Sunday, February 17, 2008

"Clinton backers fault campaign"

Baltimore Sun:
Supporters outline errors as focus turns to big states--It may be hard to recall the shield of inevitability that once surrounded Hillary Clinton, but a December 2007 cover story in a liberal magazine is a reminder.
"Has Hillary Locked It Up?" asked The American Prospect, which unabashedly promotes its "Liberal Intelligence." The article lauded the "strategic and tactical brilliance of her campaign" and "her political adeptness," concluding that Clinton had pulled so far ahead that the race might be over once the first votes were cast.

Now, after falling behind Barack Obama, her campaign is being vilified by some of her supporters. They say she made the strategic mistake of believing that she was inevitable, allowing herself to be positioned, in effect, as an incumbent in an election about change.

Her advisers apparently assumed that the nomination would be decided by the Super Tuesday primaries Feb. 5, when more than half the states would have voted. Pennsylvania Gov. Edward G. Rendell, a Clinton supporter, was quoted as saying last week that "it sure didn't look like they had a game plan after Super Tuesday."

Among recent problems: a shortage of campaign cash and, some supporters say, a surplus of loose talk by her husband, the former president.

Most of the Clinton supporters interviewed for this article, some of whom spoke on condition that they not be identified, said they think she can win the nomination. Some also said, as one put it, that "sometimes the moment is not your moment, or voters are looking for new and different and you're not new and different."

Facing a primary opponent that even John McCain's campaign manager described admiringly the other day as "a phenomenon," Clinton wins praise for her public performance, even as her campaign decisions are getting second-guessed.

"She made virtually no mistakes under an intense level of scrutiny. I don't think you can fault her as a candidate at all," said Clinton backer Steve Elmendorf, deputy manager of John Kerry's 2004 presidential campaign.

Aides point to new polling that showed her leading in Ohio and Texas, two must-win states. Victories there could reinforce the claim that Clinton is best suited to carry the big states that Democrats need in November.

Clinton trails Obama by fewer than 60 delegates out of a total of nearly 2,500, according to an Associated Press tally. Her campaign says the race could go all the way to the convention.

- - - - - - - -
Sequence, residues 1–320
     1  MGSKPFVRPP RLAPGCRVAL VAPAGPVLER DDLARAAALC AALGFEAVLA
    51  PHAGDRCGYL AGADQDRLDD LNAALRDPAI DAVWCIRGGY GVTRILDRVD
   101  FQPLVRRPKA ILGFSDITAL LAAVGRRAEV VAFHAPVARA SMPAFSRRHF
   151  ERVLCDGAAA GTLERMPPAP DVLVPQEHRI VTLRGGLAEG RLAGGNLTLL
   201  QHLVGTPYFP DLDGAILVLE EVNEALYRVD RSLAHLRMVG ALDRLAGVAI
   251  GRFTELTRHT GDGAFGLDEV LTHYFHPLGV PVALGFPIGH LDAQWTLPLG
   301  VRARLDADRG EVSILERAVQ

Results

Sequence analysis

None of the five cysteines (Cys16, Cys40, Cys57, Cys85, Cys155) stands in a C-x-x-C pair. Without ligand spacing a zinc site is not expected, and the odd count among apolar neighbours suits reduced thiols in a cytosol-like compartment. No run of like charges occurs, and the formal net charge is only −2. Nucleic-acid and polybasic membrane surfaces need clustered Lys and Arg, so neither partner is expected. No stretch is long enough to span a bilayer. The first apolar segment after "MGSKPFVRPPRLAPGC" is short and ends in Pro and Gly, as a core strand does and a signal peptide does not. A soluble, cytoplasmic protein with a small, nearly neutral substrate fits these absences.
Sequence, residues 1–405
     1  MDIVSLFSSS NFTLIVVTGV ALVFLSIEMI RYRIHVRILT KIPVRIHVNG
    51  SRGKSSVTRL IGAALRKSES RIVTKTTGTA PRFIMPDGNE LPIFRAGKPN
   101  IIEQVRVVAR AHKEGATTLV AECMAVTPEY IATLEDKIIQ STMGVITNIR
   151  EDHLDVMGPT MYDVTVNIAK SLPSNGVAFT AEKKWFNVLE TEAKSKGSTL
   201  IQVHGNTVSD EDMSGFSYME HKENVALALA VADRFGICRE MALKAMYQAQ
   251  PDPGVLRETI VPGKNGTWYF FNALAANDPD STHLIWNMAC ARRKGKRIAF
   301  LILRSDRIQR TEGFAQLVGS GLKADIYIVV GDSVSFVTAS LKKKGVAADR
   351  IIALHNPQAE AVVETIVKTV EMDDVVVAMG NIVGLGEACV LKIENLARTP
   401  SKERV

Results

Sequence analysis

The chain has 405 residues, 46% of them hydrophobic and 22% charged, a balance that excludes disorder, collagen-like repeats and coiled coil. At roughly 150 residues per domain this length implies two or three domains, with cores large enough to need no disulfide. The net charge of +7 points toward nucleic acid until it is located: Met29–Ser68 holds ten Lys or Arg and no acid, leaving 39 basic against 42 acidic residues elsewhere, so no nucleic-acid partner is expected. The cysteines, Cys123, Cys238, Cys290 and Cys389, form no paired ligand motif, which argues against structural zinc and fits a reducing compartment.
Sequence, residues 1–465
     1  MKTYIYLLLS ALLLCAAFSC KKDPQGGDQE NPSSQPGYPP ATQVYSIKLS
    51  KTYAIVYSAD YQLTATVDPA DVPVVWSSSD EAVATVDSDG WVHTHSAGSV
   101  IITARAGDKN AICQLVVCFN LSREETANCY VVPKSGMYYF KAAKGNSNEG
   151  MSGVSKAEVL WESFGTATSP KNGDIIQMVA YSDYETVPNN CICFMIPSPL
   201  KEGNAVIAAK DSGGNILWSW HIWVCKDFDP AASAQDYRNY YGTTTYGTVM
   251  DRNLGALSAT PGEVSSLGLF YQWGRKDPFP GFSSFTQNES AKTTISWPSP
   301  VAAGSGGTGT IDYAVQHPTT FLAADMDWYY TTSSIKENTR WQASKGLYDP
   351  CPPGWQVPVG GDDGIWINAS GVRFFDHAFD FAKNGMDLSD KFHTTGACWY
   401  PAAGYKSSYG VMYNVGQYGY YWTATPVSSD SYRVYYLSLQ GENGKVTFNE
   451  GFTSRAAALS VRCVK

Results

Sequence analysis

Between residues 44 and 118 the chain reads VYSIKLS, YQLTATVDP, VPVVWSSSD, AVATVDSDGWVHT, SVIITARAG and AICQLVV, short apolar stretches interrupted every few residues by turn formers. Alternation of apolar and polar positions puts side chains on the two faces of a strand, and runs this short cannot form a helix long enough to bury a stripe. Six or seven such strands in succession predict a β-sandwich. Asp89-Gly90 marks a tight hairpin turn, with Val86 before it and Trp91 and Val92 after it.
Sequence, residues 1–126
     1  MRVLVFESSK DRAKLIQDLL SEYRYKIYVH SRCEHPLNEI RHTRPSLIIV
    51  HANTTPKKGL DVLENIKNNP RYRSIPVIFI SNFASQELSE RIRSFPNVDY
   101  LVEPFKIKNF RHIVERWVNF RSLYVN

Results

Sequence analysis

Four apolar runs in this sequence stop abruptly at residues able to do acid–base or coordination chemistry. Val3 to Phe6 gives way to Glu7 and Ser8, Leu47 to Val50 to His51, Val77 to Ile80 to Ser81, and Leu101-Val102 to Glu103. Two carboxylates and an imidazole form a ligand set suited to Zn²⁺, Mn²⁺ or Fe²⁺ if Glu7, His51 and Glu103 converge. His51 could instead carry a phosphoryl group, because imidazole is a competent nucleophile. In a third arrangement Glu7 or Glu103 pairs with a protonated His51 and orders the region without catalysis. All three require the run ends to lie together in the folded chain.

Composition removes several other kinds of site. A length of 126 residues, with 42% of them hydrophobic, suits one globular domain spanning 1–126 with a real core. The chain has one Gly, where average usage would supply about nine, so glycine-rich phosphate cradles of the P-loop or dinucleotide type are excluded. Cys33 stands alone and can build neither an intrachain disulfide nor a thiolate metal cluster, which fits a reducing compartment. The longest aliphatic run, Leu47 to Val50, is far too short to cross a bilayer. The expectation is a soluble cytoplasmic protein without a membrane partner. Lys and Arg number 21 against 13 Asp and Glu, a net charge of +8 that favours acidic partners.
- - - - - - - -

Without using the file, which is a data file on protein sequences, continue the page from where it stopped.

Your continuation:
But there is an undercurrent of pessimism among some supporters about her chances of reclaiming the lead, now that Obama has reeled off eight victories in a row.

"I don't necessarily think it's over," said a Democrat who has campaigned with Clinton. "Only a few delegates separate them, and the coronation of Emperor Obama is premature." But this Democrat, and others, said Obama will be unstoppable if the race doesn't change course soon.

Signaling the start of a new, rougher phase, Clinton aired her first negative ads last week.

Attacking over the same issue that helped her husband turn the 1992 primaries around, she warns that Obama might raise the retirement age for Social Security, the most sacred government program to Democrats. Obama wants a panel to propose an overhaul plan and says that "everything," except private accounts, would be on the table, but he hasn't called for raising the retirement age.

She's also attacking him for refusing to debate before Tuesday's primary in Wisconsin. Obama has agreed to debates in Texas and in Ohio over the next two weeks.

In what has become a recent pattern, Obama beat her to the punch in Wisconsin. He was the first to hit the airwaves and drew 17,000 people to a campus rally in Madison on Tuesday. Clinton made her first campaign stop yesterday in the state, which, Democrats said, she should have a good chance of winning.

Since Super Tuesday, she's been outmaneuvered and outspent by her more nimble and better-financed rival. Last month, Clinton had to lend her cash-short campaign $5 million, though aides say the money is rolling in again.

Flawed premise?
The "Clinton model is very old-fashioned and inefficient. It's based on what they did in the '90s," said Bill Carrick, an unaligned Democratic strategist. Obama has "made sure they could maximize the amount of money they can raise on the Net. That's just a monster of an advantage."

Some Democrats say Clinton is running on a flawed premise: that superior experience is what party voters are looking for.